teta was a gardener. a mother first, and then a gardener. an artist and a friend and a storyteller. but all of the layers of her found their way into her garden. i always picture her hands creased with dirt. roughened and scratched and beautiful. teta has left gardens, orphaned and wild gardens that are now bursting through the earth and blooming. waiting for her, looking for her. everywhere she lived, she left a garden. and teta lived in the house beside us, the house that is now the studio. and she built gardens in front and in the back and a huge one on the side. she built stone steps that move up the little hill from the garden shed. and the last time ever i saw her was last summer when she came to tidy up her garden and take plants and bulbs to her new home, her new garden.
this sign has been in her garden here for 9 years. i love this sign, hand painted, leaning against a tree with ivy growing around it, keeping it in place. the paint is chipped away now, and faded. but it says.....weeding wench. have trowel will travel....and then her phone number. and off she would go to create gardens for others, sharing her gift. her genius.
these green spring days will forever make me think of her beauty and her kindness and her talents and her gardens.
when i got home from the bookstore tonight, ezra and i walked to the park and through the neighborhood streets. it was just settling into darkness. there were cats skulking through the long grass. and there were tvs making the windows glow in almost every house. it's hockey playoffs and tonight is a big game. i think even people who don't love the leafs are watching. tom is a life long leafs fan, and it goes generations deep. there has been some cursing at the tv, and now that it's overtime, i think he has to watch something else completely....the tension is too high. i spent last week making baby quilts. the nursery rhyme quilts are adorable. they are much like the poetry quilts only with nursery rhymes and soft pretty baby fabric. twinkle twinkle little star. baa baa black sheep. itsy bitsy spider. i have to get them photographed and listed on etsy. i found poems tonight at the bookstore for my next batch of poetry quilts. neruda and keats. i love combing through the words. i write a poem a few times to feel it's essence and let it's fullness sink into my consciousness before i start quilting it. it's a nice process.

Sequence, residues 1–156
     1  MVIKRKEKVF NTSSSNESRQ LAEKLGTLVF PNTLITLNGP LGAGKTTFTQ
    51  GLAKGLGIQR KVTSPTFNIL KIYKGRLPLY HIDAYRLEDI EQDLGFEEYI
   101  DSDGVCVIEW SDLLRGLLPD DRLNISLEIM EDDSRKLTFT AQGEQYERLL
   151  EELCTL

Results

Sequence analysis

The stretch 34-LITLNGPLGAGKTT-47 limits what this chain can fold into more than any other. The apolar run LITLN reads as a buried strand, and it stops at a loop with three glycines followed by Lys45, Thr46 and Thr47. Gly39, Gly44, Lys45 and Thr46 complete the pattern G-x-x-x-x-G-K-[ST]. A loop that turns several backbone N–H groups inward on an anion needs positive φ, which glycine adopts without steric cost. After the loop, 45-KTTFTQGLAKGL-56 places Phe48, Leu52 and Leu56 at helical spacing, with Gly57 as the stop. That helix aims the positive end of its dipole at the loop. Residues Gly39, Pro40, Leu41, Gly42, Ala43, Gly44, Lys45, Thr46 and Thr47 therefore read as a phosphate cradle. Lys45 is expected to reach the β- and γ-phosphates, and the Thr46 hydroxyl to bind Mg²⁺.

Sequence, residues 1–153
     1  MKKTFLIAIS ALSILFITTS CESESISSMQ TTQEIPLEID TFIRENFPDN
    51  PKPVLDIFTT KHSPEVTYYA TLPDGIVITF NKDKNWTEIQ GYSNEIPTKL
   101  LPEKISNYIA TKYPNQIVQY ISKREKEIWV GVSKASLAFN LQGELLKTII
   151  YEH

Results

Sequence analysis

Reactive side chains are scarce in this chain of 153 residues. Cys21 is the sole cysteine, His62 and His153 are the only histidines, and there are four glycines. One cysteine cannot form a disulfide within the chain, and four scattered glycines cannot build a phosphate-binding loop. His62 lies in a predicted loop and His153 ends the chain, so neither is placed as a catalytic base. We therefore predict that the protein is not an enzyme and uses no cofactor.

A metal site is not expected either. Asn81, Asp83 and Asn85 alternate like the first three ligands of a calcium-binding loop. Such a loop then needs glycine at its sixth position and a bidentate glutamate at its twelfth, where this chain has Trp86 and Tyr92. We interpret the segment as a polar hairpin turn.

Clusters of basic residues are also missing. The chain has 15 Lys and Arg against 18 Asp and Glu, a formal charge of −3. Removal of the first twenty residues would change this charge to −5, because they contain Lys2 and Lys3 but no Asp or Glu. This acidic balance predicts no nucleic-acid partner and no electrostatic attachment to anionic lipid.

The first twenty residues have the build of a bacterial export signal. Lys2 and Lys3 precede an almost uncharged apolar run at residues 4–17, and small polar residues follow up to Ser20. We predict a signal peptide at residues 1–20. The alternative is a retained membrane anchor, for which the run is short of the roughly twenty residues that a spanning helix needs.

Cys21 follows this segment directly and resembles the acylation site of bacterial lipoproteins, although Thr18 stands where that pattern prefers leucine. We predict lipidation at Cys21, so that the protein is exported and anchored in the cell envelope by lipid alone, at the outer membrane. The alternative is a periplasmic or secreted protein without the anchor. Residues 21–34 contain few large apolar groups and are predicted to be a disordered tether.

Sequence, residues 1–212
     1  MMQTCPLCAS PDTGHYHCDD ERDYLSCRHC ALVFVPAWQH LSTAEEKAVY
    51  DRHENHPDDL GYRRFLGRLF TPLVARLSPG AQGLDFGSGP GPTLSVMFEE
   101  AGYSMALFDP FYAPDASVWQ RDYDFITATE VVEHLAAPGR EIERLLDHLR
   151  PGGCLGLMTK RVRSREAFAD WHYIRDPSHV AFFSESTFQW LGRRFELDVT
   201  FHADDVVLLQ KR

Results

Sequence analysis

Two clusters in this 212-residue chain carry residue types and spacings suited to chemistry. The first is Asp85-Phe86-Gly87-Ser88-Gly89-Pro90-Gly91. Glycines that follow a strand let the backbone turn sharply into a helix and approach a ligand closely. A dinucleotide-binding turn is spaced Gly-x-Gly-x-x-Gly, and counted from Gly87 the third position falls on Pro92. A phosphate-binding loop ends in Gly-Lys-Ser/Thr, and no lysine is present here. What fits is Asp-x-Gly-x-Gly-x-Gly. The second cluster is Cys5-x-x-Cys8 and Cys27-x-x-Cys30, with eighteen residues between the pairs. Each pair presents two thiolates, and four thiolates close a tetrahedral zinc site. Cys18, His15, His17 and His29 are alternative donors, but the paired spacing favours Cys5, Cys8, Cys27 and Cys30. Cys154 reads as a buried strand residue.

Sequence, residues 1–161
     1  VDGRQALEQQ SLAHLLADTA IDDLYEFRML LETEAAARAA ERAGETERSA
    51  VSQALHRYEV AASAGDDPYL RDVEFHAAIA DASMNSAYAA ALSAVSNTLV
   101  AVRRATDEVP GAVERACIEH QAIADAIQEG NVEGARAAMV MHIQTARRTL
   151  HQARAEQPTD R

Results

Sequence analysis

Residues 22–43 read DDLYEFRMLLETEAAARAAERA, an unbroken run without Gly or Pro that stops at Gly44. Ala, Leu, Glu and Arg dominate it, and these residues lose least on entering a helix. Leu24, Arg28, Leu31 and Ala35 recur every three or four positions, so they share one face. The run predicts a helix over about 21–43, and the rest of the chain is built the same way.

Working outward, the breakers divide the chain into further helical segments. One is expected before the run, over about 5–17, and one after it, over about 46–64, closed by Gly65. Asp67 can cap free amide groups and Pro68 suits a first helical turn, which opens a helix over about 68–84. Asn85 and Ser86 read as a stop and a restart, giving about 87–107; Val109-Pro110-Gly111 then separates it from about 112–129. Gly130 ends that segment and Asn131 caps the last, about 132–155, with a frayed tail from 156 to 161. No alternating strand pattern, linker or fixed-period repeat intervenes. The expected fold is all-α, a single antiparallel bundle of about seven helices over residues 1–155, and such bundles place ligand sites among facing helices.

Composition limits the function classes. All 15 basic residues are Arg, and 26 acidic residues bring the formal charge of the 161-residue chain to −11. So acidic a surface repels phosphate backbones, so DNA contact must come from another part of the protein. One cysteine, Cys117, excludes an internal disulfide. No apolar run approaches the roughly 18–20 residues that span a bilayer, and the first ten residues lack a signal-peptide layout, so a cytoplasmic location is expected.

industrial paned windows, steel holding the glass in place. looking into stone concrete brick. housing fascinating but inexplicable machinery, boilers, dials, iron wheels. or the rusty remnants of the machinery that has been removed. these buildings are most lovely to me. i'm drawn to these industrial spaces of rust and grit and glass more naturally than to all the swoony pinterest rooms. we walk past a block of these buildings every day, ezra and i, and i always stare in the windows, wishing i could walk in and absorb it all. with my little watercolor box and a camera. i have a little place i go in my mind....a studio i had in college. i have spent my life collecting spaces. spaces i've loved. and this is one of my jewels. a low brick building. a bit like a concrete barn. but with a wall of steel paned windows. facing a patch of grass and another identical twin of a building. inside there was a wall of glass block separating the main room from a smaller one. the floor was gritty. and the light was everywhere. gorgeous cascading light. it was isolated, on the very edge of campus, and i could be there for hours and hours without being found. music would pulse against the walls. dora maar (my first great dane) would be there with me. and i would work with no concept of time. just a girl in an empty boiler room with her dog, david bowie and paintings. so these buildings i walk past every day feel a little like if i walked in i could lose myself to that youthful girl, like the wheels and dials and rusty pipes may be my own personal back to the future.